Circular Orbits of Satelites and Planets

1. Jun 22, 2008

.NoStyle

1. The problem statement, all variables and given/known data

A spy satellite is in circular orbit around Earth. It makes one revolution in 6.00 h.

A. How high above Earth's surface is the satellite?

B. What is the satellite's acceleration?

2. Relevant equations

I'm not sure but I believe we could possibly derive something from

SUMofF = (Gm1m2)/r^2

and with NSL, v=sqrtof (GMe/r)

where Me is the mass of the Earth 5.974e24 kg. G is the universal gravitational constant 6.67e-11N * m^2/kg^2

3. The attempt at a solution

and r is the radius of the earth plus the radius of the height. So we can find the height that the satellite is by deducting the radius of the earth (6.371e6 m) from r to find the height.

I don't know what equation to use and I don't know how I would find the acceleration.

2. Jun 22, 2008

rock.freak667

The force of attraction between the Earth and satellite,provides the force needed to keep the satellite in a circular orbit.

3. Jun 22, 2008

.NoStyle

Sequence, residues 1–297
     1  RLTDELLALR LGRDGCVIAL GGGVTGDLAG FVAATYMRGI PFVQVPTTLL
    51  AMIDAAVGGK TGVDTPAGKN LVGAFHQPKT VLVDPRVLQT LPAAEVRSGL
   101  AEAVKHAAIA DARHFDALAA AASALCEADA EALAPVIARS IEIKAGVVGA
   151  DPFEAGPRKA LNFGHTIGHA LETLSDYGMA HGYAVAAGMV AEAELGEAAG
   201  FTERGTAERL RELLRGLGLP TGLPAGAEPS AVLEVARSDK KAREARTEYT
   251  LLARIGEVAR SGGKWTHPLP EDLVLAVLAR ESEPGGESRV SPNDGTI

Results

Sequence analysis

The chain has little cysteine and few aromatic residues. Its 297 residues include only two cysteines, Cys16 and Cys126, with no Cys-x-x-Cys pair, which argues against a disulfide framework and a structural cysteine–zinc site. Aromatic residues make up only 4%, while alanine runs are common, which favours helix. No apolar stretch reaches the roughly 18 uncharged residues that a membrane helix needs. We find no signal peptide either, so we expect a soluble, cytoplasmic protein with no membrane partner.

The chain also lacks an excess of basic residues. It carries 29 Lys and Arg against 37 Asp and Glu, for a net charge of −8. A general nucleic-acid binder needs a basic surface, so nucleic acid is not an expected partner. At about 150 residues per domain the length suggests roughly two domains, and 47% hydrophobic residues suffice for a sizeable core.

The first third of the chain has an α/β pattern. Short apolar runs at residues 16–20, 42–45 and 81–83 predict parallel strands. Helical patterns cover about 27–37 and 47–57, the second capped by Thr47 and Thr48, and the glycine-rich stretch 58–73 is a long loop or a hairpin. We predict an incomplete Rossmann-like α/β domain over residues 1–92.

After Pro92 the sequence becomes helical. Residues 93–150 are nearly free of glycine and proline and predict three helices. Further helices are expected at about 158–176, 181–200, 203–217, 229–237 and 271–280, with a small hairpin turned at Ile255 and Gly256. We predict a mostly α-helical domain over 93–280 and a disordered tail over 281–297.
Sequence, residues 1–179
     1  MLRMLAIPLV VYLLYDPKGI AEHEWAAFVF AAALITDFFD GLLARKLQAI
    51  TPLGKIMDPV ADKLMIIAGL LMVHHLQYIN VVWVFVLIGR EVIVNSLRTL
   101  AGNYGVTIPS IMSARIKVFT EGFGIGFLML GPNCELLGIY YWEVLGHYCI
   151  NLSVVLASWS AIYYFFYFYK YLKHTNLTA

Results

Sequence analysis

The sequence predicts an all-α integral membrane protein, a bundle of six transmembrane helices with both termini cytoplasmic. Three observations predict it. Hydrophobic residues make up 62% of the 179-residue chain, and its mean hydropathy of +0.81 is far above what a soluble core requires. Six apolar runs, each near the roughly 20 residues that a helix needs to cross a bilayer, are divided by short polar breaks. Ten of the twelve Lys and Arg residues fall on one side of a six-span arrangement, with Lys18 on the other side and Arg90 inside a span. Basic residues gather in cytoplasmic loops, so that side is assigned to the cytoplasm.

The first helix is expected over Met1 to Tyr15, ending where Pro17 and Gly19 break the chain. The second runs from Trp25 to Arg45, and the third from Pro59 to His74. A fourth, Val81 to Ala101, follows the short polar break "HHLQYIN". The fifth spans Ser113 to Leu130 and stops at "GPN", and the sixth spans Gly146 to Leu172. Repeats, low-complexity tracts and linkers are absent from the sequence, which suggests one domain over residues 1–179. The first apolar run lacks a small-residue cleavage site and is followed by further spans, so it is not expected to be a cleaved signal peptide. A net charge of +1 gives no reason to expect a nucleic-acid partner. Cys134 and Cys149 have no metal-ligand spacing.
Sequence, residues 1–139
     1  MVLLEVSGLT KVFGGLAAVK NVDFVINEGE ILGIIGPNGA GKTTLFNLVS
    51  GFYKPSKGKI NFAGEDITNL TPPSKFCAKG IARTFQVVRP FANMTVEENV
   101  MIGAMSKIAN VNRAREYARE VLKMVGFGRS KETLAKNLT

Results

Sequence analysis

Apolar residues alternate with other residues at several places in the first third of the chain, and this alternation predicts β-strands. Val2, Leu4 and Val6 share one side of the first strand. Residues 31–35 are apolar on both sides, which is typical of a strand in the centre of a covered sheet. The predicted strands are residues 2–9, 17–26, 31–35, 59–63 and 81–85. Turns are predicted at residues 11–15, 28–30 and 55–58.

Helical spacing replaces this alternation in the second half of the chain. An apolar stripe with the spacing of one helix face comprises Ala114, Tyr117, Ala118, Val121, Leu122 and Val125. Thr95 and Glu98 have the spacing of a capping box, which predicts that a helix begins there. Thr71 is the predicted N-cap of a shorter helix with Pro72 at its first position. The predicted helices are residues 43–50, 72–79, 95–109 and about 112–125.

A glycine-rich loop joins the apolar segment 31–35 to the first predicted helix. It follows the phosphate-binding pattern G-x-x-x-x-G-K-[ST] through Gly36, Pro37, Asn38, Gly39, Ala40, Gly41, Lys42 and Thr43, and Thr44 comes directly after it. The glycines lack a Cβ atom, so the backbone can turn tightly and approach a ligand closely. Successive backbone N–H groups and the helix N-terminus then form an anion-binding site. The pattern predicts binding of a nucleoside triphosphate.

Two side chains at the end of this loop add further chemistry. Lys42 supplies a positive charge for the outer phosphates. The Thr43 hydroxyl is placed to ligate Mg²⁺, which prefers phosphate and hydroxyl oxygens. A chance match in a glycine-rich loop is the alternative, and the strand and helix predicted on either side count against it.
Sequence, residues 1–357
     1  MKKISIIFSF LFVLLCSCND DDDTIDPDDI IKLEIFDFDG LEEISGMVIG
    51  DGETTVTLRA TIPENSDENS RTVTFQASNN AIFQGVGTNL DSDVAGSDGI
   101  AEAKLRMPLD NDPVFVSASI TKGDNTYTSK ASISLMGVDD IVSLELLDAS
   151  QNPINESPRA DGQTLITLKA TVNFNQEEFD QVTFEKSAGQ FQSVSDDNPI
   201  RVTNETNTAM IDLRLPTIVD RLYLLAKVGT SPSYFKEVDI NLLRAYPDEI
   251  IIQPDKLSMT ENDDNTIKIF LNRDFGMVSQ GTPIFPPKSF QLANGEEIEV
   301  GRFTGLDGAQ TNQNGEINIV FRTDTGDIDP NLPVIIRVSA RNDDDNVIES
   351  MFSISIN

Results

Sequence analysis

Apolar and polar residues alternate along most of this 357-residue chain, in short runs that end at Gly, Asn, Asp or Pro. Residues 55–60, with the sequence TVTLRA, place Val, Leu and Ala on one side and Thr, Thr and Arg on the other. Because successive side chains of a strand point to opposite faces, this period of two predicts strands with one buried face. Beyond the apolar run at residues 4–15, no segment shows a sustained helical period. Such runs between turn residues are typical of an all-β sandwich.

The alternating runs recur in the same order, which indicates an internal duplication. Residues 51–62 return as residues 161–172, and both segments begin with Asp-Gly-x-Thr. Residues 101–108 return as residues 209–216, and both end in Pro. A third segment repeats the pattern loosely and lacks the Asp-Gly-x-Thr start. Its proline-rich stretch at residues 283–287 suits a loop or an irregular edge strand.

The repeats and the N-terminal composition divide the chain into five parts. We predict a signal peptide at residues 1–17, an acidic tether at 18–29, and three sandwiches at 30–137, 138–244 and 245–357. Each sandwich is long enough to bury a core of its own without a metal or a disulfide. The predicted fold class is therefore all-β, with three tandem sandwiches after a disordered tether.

would it be the Universal Gravitational Constant? Sorry, I'm not really clear with what you're saying. Thanks

4. Jun 22, 2008

dynamicsolo

If you set the gravitational force between Earth and satellite, given by

equal to the centripetal force acting on the satellite in its circular orbit (i.e., gravity is what provides the centripetal force), and do some algebra, you'll come up with

This is called the "circular velocity" of the spacecraft in its orbit. If you now consider that the period, T, of the satellite is the time it takes for the spacecraft to complete the circular orbit of radius R at the speed v given above, you can do some more algebra to find a relation between T and R (you will, in fact, have found a version of Kepler's Third Law!).